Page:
This March, the Wave team asked the women they know that if they had to compile a list of must read books for other women, which books would make the list. The responses ranged from fairy tales to chick lit to classical literature to romance, fantasy, poetry, drama and comedy- every genre of literature. But what all the respondents agreed on was that it didn't make a difference whether the book of their choice had made the bestsellers list or not, it didn't matter if it was 'serious literature' or holiday paperbacks picked up at the airport, hell, it didn't even matter if the book was written by a man or a woman... all that mattered was how the books 'spoke' to them.
Here follows the list of those that were savoured and became the favourites.
The Other Boleyn Girl
by Philippa Gregory
So are the Boleyn girls mere pawns in the hands of men or intensely competitive siblings who had to have what the other one did? Political intrigue, infidelity, drama, treachery, loyalty and love are the major themes of this story that tells the tale of King Henry VIII and the Boleyn family.
The Time Traveller's Wife
by Audrey Niffenegger
It defies definition- science fiction, fantasy, romance. But like in real life this book is all about love and making do with what the universe throws your way. Henry writes this letter to Clare after they've been for married for many years:
"Clare, I want to tell you, again, I love you. Our love has been the thread through the labyrinth, the net under the high-wire walker, the only real thing in this strange life of mine that I could ever trust. Tonight I feel that my love for you has more density in this world than I do, myself: as though it could linger on after me and surround you, keep you, hold you."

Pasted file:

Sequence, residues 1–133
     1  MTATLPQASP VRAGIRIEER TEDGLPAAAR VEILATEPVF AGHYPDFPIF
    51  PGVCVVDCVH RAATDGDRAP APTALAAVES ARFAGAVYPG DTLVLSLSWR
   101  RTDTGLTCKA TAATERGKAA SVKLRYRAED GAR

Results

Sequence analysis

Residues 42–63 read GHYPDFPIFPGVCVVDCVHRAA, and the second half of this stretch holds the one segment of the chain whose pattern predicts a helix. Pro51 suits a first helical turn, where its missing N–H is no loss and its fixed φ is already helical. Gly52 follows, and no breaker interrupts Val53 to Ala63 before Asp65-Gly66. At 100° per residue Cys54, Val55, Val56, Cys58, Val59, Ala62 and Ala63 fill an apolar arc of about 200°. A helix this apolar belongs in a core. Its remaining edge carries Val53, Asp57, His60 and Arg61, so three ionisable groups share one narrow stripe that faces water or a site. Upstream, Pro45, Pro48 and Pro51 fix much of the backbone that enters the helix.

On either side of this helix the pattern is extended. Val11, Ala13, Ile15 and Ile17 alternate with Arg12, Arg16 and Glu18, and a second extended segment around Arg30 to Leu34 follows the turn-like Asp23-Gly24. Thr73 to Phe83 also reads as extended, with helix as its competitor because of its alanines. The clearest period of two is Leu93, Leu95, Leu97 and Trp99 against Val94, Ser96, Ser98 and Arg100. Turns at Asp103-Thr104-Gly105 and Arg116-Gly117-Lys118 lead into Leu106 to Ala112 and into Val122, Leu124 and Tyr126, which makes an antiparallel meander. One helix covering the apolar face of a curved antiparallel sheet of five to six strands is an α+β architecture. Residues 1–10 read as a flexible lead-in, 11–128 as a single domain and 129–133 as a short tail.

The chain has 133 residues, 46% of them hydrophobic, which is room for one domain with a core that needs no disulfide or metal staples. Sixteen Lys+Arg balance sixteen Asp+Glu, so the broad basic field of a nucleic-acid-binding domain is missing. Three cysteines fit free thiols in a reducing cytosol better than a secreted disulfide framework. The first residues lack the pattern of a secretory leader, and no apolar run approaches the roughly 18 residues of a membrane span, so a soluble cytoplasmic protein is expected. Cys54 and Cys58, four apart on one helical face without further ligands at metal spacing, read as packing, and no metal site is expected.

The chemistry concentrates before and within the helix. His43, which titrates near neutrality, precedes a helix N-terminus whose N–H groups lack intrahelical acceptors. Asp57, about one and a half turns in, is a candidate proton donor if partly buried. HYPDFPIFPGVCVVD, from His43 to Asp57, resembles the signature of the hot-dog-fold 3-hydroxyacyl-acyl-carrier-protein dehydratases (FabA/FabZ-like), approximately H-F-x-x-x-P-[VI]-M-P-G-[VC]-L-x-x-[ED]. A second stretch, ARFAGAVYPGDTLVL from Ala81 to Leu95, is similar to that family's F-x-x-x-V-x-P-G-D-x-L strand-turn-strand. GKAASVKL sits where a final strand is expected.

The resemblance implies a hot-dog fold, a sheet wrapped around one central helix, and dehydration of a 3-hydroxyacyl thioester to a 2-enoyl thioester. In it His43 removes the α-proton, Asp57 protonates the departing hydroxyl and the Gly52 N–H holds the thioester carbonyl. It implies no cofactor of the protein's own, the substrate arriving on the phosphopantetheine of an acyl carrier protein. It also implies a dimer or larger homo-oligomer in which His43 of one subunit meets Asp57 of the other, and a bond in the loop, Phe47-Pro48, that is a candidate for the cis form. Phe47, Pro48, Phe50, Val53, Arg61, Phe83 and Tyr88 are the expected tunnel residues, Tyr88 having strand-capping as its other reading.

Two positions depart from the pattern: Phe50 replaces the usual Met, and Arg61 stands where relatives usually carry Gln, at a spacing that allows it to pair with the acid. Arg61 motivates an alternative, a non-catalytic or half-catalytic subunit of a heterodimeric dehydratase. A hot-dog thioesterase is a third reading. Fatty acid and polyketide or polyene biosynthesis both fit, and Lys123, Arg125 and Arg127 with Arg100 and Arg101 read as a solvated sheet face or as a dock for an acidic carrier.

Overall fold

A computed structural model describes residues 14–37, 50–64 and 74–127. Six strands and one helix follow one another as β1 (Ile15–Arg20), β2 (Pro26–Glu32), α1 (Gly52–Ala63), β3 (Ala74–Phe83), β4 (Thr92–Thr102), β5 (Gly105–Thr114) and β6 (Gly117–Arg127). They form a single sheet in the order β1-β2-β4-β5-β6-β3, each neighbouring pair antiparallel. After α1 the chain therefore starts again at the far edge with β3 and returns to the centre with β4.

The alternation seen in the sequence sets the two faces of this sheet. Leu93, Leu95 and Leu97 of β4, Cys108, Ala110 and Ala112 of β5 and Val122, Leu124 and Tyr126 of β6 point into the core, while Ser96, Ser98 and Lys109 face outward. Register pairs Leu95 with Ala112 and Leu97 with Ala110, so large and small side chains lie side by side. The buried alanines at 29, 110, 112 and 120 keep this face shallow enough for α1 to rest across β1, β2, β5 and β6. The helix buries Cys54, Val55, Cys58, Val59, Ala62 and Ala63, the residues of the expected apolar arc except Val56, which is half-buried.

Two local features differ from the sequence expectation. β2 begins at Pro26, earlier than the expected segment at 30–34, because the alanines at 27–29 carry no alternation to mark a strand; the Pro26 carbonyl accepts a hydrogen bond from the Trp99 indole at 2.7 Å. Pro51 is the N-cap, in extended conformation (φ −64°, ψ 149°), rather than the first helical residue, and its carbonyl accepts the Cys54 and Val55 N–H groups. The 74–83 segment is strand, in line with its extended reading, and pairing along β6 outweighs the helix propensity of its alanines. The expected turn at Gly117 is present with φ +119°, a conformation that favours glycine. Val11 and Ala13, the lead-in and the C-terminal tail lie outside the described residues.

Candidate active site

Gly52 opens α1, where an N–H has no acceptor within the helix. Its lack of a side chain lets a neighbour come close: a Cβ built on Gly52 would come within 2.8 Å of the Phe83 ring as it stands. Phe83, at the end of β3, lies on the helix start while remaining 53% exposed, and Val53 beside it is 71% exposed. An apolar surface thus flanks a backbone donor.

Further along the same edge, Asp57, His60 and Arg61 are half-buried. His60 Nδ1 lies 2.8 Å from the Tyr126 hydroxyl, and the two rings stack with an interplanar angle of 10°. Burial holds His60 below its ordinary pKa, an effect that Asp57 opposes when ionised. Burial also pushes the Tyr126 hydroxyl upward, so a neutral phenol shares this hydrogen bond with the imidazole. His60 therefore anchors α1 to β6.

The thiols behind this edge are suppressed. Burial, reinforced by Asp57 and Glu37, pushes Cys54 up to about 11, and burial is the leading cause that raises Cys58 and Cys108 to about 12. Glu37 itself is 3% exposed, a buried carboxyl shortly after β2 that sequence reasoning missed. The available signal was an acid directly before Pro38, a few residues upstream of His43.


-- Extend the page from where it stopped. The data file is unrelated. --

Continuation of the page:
Need another reason to read it?
The Girl with the Dragon Tattoo
by Steig Larsson
This compelling mystery, and the other two books that together form the Millenium trilogy, will reel you into the plot, but the characters will keep you reading to the end. Lisbeth Salander is the most kick-ass protagonist to have been envisaged in a long, long time. Angry, antisocial, extremely intelligent, hacker and researcher extraordinaire, specialises in investigating people, has a photographic memory, tattooed, refuses to be a victim and takes control of her own life on her own terms- what's there not to love about her.
Love in the time of Cholera
by Gabriel Garcia Marquez
While delivering a message to her father, Florentino Ariza spots the barely pubescent Fermina Daza and immediately falls in love. However, this love is not to be and what follows is the story of a passion that extends over 50 years and is a compelling exploration of the myths we make of love. After fifty-one years, nine months and four days, Florentino gets his chance to win back the love of his life. One of Oprah Winfrey's book club selections, she had this to say about it, "This is one of the greatest love stories I have ever read... It is so beautifully written that it really takes you to another place in time and will make you ask yourself how long could you, or would you, wait for love?"